The Byrds’ place in the pantheon of rock greats is assured given their influence on folk rock, psychedelic rock and with ‘Sweetheart Of The Rodeo’ country rock and subsequently americana. However, this very brief summary ignores completely the Roger McGuinn incarnation of the Byrds which he convened after ‘Sweetheart’ and Chris Hillman’s and Gram Parson’s subsequent departure to form the Flying Burrito Brothers leaving McGuinn as the last original member. The success of the original Byrds was due to the varied influences and talents of the original members Roger McGuinn, David Crosby, Gene Clark, Chris Hillman and Michael Clarke and McGuinn wanted to rebuild the Byrds as an instrumentally proficient unit with his signature guitar sound and the country-influenced sounds of emerging guitar hero Clarence White, who had already changed the course of bluegrass with his acoustic guitar playing and was now beginning to do the same for country and rock music with his innovative electric guitar playing. In one of his final acts with the Byrds, Chris Hillman was key to Clarence White joining as a full-time member after playing on various earlier Byrd’s albums when he recommended that White should be asked to join the band. His logic was that White’s technical skills meant he could continue the new country rock direction and also play the more psychedelic older material and McGuinn was in full and eager agreement. Once he was a member of the Byrds, White lobbied for his old Nashville West friend and drummer Gene Parsons to replace ‘Sweetheart’ drummer Kevin Kelley and when Hillman himself jumped ship, McGuinn recruited session musician John York on bass who was replaced in 1970 by Skip Battin.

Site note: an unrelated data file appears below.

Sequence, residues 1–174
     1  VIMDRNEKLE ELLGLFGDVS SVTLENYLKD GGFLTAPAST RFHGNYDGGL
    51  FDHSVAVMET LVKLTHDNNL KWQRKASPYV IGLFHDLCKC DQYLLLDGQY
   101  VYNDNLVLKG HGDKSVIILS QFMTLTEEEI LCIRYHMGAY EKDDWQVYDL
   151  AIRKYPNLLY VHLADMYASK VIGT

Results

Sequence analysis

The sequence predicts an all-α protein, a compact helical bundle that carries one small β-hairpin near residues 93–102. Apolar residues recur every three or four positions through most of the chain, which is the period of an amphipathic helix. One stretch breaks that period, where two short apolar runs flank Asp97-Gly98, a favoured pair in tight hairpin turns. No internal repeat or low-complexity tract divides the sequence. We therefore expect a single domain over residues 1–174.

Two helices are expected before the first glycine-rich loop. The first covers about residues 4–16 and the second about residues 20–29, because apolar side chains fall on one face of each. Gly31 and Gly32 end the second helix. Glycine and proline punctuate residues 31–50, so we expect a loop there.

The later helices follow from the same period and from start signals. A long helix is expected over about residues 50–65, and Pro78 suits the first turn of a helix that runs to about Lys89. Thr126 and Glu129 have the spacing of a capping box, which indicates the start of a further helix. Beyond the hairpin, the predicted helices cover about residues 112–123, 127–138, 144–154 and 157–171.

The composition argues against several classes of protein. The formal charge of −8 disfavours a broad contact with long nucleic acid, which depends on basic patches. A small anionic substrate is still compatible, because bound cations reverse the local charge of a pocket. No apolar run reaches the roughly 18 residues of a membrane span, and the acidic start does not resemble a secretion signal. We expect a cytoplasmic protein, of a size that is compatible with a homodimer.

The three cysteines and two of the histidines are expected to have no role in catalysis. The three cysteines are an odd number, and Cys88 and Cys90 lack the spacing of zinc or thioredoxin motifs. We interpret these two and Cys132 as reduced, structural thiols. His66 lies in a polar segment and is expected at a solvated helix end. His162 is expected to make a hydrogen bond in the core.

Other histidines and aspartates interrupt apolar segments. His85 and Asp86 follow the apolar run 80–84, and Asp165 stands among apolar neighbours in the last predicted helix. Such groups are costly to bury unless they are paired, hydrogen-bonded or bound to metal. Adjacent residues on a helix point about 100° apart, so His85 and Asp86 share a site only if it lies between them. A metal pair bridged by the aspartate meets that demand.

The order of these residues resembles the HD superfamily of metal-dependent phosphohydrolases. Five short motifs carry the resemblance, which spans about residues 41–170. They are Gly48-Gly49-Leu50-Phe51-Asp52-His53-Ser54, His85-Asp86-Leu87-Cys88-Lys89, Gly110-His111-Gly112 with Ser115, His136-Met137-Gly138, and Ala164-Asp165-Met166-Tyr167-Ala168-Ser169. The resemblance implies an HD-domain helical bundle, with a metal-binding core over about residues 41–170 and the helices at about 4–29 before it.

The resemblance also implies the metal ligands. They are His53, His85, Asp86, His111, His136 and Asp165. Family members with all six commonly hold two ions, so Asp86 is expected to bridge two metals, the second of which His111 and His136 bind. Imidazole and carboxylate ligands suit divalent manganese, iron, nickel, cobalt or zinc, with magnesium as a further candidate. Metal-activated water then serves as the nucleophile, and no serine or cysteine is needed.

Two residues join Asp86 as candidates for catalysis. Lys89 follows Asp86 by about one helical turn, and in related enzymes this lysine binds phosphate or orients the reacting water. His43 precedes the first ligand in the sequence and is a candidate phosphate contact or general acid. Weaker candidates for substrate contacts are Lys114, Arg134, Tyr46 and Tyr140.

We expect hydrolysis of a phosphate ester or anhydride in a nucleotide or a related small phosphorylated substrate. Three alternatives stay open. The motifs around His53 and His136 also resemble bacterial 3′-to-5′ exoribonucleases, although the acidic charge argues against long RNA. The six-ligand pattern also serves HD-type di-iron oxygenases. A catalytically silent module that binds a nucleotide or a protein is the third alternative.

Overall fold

McGuinn may have got himself a new version of the Byrds, but life was not going to be easy particularly with the late ‘60s practice of record companies requiring bands to deliver a new album every 6 months or so. Furthermore, despite its now legendary status, ‘Sweetheart Of The Rodeo’ was not particularly successful when it was released and Roger McGuinn was not fully supportive of the move to country rock having originally planned for the album to be a history of 20th century American music, with country being simply only part of this narrative. ‘Sweetheart’ was followed by ‘Dr. Byrds & Mr. Hyde’ and the music reflected the implied schizophrenia in its title and included country rock, psychedelia and folk rock which was, while eclectic, a typical Byrds mix. It is the only Byrds album that features Roger McGuinn on lead vocals on every track which was a deliberate attempt to forge a link with the Byrds’ legacy. Despite positive reviews, ‘Dr. Byrds & Mr. Hyde’ was even less successful than ‘Sweetheart’ with the band blaming Columbia and Bob Dylan producer Bob Johnson’s production of the album. The record has one other claim to fame, being the first time Clarence White used his and Gene Parson’s B-Bender device, which allowed electric guitarists to simulate the sound of a pedal steel guitar, on a Byrds’ record and it subsequently became a key part of their latter-day sound. McGuinn was so enamoured with White’s guitar playing that during live performances he would sometimes hold back on his own playing to give White the guitar spotlight.